Say I have a random number generator that generates a number within [0, RAND_MAX], and RAND_MAX < UINT_MAX.

How do I generate a random number within [0, i] such that i>RAND_MAX and i<UINT_MAX, while maintaining an even distribution, and without exceeding UINT_MAX in any calculations?

The first attempt is to split the range into n equal parts such that i mod n == 0 by finding the least denominator of i (using one of the integer factorization sieve algorithms). Each sublist has equal distribution, any can be picked at random. This fails if i is prime:

0 1 2 3 4 5 6
|___| |_____|

The second attempt is to split the range into two parts a = [0, floor(i/2)] and b = [floor(i/2)+1, i], and then to calculate the distribution as the ratio of the length of the two sub-ranges:

g = gcd(length(a), length(b))
if random(0, length(a)/g + length(b)/g - 1) >= length(a)/g
    random(0, floor(i/2))
    random(floor(i/2)+1, i)

Given the following range, the right sub-range is selected twice as often as the left sub-range:

0 1 2 3 4 5
|_| |_____|

Unfortunately the first call to random() may recurse forever if gcd() is ever one.

The final attempt is to correct the distribution skew introduced by splitting a range of odd length:

if random(1)
    if random(1)
        random(0, floor(i/2))
        random(floor(i/2) + 1, i)
    if random(1)
        random(0, floor(i/2) - 1)
        random(floor(i/2), i)

Which probably doesn't work.


For anyone with similar question, the sum of two uniform variables follows a triangular distribution (see Irwin-Hall Distribution). This is invalid:

# triangular distribution:
random(a, floor(b/2)) + random(a, b - floor(b/2))

Edit (on accept):

The two answers I considered are both of high quality. This answer considers RNGs on a per-digit or per-bit basis. The accepted answers consider RNGs numerically, without considering digits or bits. In both cases, the comments are important to read.

I've also posted a follow-up question Maintain Uniform Distribution across Subranges.


2 Answers 2


For the sake of your example, let's say RAND_MAX=12 and i=17. Then do the following procedure: Choose two random numbers $r_1,r_2$ and combine them to a single random number uniformly distributed in $[0,144)$ by computing $r=r_1*12+r_2$. This is of course the wrong interval. You get a uniformly distributed random number in $[0,17)$ by repeating this process until you end up with a number $r$ in this interval; in other words, every time you get a random number $r\ge i$, you discard it and just try again. This guarantees that you end up with a uniform random number.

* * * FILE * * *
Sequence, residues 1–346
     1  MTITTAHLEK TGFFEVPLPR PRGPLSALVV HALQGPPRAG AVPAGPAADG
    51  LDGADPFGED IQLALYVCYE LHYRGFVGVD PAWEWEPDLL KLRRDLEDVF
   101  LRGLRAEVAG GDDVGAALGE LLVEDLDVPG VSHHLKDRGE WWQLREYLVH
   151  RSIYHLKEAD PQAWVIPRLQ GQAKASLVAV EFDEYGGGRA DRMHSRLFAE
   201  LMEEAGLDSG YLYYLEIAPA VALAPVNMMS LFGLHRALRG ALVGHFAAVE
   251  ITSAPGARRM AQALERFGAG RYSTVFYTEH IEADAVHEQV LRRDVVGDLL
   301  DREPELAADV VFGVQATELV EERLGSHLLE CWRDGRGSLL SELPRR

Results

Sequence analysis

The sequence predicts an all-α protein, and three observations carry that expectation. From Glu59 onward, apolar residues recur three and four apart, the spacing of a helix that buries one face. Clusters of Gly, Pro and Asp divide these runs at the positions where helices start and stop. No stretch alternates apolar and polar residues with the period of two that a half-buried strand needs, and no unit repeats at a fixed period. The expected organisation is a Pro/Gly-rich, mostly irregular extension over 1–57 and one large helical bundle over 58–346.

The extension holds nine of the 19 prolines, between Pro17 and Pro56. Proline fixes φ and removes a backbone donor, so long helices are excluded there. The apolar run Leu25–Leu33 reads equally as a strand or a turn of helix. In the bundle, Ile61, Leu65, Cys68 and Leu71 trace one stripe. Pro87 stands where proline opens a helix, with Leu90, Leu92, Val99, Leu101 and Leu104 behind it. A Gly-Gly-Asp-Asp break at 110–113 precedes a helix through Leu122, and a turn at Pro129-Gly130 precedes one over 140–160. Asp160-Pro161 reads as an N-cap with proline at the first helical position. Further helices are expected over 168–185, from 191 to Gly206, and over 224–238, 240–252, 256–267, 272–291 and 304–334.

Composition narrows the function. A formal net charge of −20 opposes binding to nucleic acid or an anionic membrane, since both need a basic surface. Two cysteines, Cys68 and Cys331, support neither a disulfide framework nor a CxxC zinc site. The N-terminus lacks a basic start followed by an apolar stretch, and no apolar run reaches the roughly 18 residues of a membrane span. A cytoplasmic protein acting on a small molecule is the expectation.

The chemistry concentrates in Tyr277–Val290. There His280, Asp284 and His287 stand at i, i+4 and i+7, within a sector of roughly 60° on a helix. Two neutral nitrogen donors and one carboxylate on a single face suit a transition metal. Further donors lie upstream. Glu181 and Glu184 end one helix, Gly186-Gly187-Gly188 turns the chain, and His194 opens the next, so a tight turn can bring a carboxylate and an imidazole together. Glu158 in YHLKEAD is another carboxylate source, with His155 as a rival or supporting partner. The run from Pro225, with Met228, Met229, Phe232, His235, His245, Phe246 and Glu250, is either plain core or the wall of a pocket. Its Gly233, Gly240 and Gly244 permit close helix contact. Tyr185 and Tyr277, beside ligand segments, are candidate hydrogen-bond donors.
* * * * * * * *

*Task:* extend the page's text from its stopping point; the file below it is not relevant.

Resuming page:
• $\begingroup$ Thanks, I never specified RAND_MAX=b^n, where b is a base and n the number of digits, so r = r1 * RAND_MAX + r2 answers most of my question. You meant [0,144) instead of [0,24), and during the discard phase the interval can be [0,17*n) such that 17*n < r to reduce discards. However I also wish to avoid overflow, ie r<RAND_MAX<UINT_MAX. From the example (RAND_MAX=12, i=17), let UINT_MAX=31. Overflow can be detected, and discards should happen if r >= i or if r overflows. But given uniform distribution, r1*12 + r2 overflows more than 20% of the time. Can this be minimized? $\endgroup$
    – user19087
    Commented Dec 23, 2015 at 3:23
  • $\begingroup$ This might work - I'm not sure if it remains uniform: $r=RandomRangeInclusive(0,1)*12 + r_2$, to generate a random number in $[0,24)$. $\endgroup$
    – user19087
    Commented Dec 23, 2015 at 3:48
  • $\begingroup$ Oh, is that what you intended in the first place? $\endgroup$
    – user19087
    Commented Dec 23, 2015 at 3:50